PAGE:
From the perspective of a conceptualist, then, "particulars" are parts of the world around which we choose to draw boundaries to most economically meet our need to understand and predict how the world is going to react to our efforts.  In a realist/conceptualist ontology, then, "particulars" are not fundamental mind-independent entities.  The entity known as "The world" is a fundamental mind-independent entity (assuming a realist metaphysics).  But "particulars" are derivative and somewhat mind-dependent entities.  They exist because and only when we create them by drawing suitable boundaries around parts of the world that interest us.  As a consequence, it becomes a matter of debate over the meaning of "existence" as to whether "particulars" ought to be acknowledged as a proper part our ontology.

Universals

Every individual particular "has" attributes.  (Remember, to this point I am being neutral to the exact nature of this "has" relationship.)   And some particulars have attributes that we would recognize as similar.  For example two different mats, each being a particular, share the attributes of being mats, being flat, being on the floor, being manufactured by the same manufacturer (according to their respective labels), and being (according to the manufacturer's label, say) green in color.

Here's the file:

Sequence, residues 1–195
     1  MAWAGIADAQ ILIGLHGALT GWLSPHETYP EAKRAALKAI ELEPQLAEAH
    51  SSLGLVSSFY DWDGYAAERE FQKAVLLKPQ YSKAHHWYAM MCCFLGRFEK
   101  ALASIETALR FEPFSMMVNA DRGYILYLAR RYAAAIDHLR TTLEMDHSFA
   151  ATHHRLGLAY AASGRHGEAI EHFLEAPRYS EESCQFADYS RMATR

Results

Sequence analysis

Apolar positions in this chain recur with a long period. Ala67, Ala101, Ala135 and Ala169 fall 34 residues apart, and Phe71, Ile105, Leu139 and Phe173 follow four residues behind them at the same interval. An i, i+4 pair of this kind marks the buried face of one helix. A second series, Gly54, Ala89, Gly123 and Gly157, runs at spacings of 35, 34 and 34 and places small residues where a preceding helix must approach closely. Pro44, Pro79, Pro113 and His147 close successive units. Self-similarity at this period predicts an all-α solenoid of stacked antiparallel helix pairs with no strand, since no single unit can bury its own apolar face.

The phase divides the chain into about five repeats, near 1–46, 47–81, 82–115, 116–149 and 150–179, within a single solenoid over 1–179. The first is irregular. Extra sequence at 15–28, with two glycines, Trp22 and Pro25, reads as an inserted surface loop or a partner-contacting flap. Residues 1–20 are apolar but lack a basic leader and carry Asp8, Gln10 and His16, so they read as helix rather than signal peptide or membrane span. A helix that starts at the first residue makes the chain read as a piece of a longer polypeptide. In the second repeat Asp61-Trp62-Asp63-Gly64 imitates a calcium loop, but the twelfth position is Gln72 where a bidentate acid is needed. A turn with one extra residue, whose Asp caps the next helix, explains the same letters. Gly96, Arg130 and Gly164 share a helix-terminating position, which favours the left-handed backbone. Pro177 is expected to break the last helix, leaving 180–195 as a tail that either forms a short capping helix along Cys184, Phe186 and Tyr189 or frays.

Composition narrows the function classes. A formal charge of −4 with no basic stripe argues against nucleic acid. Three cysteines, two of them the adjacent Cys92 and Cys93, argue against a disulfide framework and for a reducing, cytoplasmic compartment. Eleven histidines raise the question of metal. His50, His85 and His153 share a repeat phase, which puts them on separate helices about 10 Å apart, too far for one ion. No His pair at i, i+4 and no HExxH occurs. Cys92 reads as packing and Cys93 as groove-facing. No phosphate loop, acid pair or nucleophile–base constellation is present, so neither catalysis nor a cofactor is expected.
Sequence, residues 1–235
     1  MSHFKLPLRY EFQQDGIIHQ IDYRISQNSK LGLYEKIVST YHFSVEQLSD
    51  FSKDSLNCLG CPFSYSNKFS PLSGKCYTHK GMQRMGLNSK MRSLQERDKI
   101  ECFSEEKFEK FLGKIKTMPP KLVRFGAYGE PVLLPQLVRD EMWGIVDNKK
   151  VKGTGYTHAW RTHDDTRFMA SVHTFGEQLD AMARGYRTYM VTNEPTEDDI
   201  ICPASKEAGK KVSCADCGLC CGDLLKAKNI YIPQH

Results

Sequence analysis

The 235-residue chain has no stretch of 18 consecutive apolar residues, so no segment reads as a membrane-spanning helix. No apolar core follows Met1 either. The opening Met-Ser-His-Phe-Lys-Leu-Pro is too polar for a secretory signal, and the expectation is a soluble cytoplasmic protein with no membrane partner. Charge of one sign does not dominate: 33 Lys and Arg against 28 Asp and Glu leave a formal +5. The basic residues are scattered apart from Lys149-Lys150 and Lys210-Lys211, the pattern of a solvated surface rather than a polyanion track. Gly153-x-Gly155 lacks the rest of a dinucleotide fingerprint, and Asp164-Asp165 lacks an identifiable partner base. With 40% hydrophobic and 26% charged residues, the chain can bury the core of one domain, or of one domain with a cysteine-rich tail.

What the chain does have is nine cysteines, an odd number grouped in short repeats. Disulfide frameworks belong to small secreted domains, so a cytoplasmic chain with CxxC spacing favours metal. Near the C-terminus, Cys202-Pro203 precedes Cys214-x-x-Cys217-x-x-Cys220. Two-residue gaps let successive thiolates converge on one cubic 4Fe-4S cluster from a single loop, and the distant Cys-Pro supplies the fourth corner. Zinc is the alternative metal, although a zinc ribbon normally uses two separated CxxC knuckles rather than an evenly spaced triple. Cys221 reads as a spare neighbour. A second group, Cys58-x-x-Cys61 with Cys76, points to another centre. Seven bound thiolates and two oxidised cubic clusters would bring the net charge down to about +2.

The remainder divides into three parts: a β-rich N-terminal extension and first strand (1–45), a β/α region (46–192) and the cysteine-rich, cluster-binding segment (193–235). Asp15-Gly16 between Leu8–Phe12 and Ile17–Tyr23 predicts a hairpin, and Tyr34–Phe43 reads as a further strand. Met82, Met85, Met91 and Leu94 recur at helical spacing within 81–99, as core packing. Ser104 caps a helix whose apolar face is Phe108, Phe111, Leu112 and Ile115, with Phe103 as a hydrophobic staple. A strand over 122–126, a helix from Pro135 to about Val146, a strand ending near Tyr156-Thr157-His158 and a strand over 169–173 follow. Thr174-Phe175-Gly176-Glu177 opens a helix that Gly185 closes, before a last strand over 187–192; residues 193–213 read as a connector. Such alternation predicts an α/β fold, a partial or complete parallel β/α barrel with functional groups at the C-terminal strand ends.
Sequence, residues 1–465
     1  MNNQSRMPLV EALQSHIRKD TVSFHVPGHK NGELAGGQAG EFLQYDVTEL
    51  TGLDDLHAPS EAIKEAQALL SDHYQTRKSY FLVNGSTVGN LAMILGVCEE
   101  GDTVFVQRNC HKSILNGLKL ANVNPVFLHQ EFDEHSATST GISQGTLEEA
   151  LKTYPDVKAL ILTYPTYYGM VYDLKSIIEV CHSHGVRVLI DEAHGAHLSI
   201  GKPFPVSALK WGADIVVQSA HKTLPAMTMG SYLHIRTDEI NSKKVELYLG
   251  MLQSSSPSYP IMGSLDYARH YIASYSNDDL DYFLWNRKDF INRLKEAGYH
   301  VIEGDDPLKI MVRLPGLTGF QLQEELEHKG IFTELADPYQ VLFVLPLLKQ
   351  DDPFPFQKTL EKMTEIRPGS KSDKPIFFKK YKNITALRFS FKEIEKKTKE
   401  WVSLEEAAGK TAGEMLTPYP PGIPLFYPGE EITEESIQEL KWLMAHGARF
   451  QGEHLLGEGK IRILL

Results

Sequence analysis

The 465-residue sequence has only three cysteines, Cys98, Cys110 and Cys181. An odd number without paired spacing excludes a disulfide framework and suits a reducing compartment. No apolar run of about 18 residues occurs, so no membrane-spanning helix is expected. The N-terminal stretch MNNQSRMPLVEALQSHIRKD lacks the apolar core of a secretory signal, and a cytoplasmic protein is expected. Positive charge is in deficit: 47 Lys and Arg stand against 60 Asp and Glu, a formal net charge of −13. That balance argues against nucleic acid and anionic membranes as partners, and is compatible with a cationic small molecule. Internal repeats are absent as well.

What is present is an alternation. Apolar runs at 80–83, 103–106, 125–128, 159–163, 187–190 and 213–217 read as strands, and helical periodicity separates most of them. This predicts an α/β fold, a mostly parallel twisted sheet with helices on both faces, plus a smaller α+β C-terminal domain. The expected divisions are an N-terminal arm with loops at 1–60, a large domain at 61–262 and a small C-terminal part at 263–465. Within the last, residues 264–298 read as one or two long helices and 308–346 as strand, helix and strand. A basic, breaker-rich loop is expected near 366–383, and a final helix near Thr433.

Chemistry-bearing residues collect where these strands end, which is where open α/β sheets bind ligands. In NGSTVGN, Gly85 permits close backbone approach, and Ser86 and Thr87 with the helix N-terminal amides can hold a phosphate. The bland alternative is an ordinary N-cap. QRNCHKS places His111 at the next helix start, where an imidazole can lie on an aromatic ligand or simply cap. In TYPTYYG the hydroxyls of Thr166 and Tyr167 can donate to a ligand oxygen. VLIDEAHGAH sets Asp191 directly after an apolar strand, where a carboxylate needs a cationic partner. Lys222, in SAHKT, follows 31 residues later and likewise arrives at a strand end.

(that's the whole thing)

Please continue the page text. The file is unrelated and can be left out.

In metaphysics a "universal" is the term used to refer to what individual particulars have in common when they exhibit some resemblance in their respective attributes.  The term "universal" is used, in contrast with the term "particular", because universals can be instantiated or exemplified by many particular things (ie. universally), whereas particulars can be instantiated only once - each particular is unique.  Universals are employed to explain why it is that we judge many particulars similar with respect to some attribute.  The two mats I referred to have in common that they are "Green" according to their labels.  And we can observe that they are very similar in color, even though one of the mats has been washed several times and is a distinctly more faded green.  Presumably, there will be any number of other particulars in the world that we would also judge as being very similar in color to our two mats.